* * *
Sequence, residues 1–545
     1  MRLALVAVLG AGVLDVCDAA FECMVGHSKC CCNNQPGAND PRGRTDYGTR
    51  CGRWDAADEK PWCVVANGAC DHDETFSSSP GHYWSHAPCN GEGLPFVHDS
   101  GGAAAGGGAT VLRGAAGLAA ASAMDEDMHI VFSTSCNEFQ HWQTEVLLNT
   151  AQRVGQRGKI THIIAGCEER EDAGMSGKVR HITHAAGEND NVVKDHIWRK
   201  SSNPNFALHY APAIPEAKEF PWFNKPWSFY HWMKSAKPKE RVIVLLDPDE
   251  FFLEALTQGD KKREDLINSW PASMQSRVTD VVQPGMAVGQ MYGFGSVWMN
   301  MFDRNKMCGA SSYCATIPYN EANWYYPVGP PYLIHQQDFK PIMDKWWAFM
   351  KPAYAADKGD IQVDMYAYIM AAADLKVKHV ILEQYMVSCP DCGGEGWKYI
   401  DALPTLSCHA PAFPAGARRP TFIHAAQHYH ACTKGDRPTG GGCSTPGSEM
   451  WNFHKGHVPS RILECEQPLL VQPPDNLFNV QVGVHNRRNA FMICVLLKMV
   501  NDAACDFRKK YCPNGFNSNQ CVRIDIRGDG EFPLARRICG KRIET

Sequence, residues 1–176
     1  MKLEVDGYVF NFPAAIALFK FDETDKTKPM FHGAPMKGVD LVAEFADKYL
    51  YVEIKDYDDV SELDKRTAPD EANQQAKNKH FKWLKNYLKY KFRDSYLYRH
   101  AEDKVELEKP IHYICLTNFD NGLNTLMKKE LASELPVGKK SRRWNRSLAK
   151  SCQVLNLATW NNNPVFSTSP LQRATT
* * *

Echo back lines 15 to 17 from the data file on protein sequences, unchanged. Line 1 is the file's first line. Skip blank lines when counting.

    51  YVEIKDYDDV SELDKRTAPD EANQQAKNKH FKWLKNYLKY KFRDSYLYRH
   101  AEDKVELEKP IHYICLTNFD NGLNTLMKKE LASELPVGKK SRRWNRSLAK
   151  SCQVLNLATW NNNPVFSTSP LQRATT